A chest X-ray produces an image on film that outlines your heart, lungs and other structures in your chest. From a chest X-ray, your physician learns information such as the size and shape of your heart.
- An Echocardiogram (abbreviated echo)
Sound waves (too high-pitched to be heard) are used to make an image of your heart or analyze blood flow. The sound waves are sent into your body from a transducer, a small plastic device. The sound waves are reflected back from internal structures, returning to the transducer and producing images of the heart and its structures.
- Less frequently, a cardiac magnetic resonance imaging (MRI) scan may be done to diagnose myocarditis. An MRI creates images using a magnetic field and radio waves.
- Occasionally, a heart biopsy is required to confirm the diagnosis.
After treatment, many patients live long, full lives free from the effects of myocarditis. For others, however, ongoing cardiovascular medication or even a heart transplant may be needed. Overall, dilated cardiomyopathy which can result from myocarditis accounts for up to 45 percent of heart transplants in the U.S. today.
Healthy lifestyle changes can also support proper heart function. Your doctor may recommend that you reduce sodium in your diet, avoid alcohol, limit fluid intake and quit smoking. It’s also generally advised that you avoid competitive sports and other rigorous exercise for a period after diagnosis, to be determined by the cardiologist. And while it’s possible for the disease to come back, more-so in giant cell myocarditis, it is extremely rare.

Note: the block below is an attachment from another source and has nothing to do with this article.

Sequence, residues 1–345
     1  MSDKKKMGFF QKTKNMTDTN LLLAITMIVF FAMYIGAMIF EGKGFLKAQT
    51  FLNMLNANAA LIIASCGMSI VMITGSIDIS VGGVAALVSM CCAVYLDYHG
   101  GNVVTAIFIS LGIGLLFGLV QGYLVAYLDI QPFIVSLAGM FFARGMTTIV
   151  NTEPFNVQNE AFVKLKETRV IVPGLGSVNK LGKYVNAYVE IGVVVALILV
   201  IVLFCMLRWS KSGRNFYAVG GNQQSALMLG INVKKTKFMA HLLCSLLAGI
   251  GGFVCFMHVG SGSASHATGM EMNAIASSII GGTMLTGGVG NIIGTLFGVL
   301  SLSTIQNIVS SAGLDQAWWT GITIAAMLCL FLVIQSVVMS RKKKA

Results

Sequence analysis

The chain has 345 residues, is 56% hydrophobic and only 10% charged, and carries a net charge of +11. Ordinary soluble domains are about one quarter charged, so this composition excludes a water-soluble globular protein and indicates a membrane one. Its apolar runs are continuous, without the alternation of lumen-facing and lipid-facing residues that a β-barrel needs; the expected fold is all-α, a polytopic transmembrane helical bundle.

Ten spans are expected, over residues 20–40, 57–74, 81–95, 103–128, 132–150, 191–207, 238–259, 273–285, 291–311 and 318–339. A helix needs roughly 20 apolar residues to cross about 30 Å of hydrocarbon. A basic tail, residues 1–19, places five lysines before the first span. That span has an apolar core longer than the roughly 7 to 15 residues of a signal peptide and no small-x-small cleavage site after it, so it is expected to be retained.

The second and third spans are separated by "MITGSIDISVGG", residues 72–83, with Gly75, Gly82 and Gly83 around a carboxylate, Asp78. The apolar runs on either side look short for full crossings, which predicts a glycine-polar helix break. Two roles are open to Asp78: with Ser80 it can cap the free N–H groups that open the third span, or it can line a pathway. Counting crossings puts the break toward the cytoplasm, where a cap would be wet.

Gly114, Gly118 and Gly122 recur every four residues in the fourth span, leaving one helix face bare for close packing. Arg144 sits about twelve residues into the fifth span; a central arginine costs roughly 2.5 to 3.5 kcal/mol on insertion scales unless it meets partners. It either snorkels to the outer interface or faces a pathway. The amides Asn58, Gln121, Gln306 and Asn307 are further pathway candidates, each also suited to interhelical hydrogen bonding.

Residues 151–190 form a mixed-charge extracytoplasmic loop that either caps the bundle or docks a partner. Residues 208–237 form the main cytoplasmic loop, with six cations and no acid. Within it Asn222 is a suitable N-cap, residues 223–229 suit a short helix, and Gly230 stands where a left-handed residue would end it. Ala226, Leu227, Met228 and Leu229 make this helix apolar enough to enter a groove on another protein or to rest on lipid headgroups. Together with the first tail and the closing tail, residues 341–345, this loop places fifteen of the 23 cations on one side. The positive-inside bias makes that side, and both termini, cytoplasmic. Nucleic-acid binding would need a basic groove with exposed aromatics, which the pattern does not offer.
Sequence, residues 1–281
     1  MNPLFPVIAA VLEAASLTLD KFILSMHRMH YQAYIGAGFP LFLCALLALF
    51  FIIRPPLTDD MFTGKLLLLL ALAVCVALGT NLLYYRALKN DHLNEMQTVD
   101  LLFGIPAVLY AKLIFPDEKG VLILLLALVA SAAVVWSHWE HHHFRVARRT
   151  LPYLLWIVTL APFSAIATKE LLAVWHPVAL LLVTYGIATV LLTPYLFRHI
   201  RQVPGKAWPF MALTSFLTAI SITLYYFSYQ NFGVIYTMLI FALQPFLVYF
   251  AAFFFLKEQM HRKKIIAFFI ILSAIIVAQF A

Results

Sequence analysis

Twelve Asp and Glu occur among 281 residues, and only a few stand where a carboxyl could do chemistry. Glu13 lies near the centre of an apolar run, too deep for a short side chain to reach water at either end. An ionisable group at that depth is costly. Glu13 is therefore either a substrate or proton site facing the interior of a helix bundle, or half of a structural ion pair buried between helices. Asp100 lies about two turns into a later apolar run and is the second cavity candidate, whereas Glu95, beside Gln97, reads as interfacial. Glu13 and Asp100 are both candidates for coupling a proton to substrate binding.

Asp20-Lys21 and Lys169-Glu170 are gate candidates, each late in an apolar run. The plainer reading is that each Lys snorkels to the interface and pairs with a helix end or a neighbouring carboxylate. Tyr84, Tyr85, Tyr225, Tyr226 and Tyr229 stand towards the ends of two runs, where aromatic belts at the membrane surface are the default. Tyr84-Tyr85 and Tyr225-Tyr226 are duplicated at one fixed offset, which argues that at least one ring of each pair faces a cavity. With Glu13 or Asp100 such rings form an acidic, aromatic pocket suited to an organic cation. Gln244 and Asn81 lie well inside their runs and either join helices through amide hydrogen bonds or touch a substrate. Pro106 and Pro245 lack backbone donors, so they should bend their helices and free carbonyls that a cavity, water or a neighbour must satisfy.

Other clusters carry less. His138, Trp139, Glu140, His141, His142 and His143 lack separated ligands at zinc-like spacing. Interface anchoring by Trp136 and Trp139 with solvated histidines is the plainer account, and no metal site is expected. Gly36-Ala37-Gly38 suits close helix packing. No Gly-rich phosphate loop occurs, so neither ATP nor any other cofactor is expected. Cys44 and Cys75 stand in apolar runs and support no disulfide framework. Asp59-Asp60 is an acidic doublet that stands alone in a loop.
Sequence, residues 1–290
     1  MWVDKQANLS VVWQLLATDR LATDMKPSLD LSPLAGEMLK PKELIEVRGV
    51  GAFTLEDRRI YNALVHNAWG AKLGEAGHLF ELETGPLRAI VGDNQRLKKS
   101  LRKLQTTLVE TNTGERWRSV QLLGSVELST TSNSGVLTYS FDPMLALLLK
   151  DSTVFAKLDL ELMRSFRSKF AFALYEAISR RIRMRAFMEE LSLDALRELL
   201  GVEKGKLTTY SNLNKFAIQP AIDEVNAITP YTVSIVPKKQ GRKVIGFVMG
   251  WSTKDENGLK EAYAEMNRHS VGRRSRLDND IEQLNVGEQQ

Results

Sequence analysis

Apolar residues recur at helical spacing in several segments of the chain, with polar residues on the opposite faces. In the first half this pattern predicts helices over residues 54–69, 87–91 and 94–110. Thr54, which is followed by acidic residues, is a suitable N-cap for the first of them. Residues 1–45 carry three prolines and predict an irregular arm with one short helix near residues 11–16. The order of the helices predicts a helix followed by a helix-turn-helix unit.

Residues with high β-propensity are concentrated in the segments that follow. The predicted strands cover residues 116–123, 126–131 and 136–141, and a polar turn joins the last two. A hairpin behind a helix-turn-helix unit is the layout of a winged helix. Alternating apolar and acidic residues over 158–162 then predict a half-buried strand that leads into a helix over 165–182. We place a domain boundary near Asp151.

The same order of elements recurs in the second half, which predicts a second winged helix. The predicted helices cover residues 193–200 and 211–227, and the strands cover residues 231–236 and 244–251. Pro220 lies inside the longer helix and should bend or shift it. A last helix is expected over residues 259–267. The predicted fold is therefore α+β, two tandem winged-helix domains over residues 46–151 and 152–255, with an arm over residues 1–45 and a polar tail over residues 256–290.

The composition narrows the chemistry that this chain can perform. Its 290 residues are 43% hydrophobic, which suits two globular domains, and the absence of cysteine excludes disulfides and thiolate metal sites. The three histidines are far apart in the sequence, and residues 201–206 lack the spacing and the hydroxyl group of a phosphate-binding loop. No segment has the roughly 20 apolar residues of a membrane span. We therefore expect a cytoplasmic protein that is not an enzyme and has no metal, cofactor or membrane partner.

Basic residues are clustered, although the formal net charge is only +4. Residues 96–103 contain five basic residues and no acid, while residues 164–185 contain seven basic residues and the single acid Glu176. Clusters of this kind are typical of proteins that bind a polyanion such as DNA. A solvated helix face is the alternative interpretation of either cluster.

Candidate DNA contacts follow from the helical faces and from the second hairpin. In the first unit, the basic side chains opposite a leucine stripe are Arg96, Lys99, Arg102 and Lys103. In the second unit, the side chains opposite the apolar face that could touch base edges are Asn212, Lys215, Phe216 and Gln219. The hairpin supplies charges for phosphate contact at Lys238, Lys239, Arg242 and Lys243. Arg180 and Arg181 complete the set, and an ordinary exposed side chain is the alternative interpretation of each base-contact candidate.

Can Myocarditis Recur?
Yes, myocarditis can recur, and in some cases can lead to a chronically enlarged heart (called dilated cardiomyopathy). There is no known way to prevent recurrence of myocarditis. However, the risk of recurrence is low (probably about 10 to 15 percent).
What Can be Done to Prevent Myocarditis?
No lifestyle changes or medical treatments are known to prevent viral myocarditis.
Because myocarditis is rare, information is limited regarding its causes and effective treatments. Myocarditis is not believed to be inherited. No genes are known to predispose people to myocarditis.
Support for Myocarditis
If you or a loved one have been recently diagnosed with myocarditis, it’s important to access trusted information to guide you through this difficult time. The Myocarditis Foundation is a great way to access the latest research and connect with others who’ve experienced this rare disease. To learn more, contact the Myocarditis Foundation today at 281-713-2962.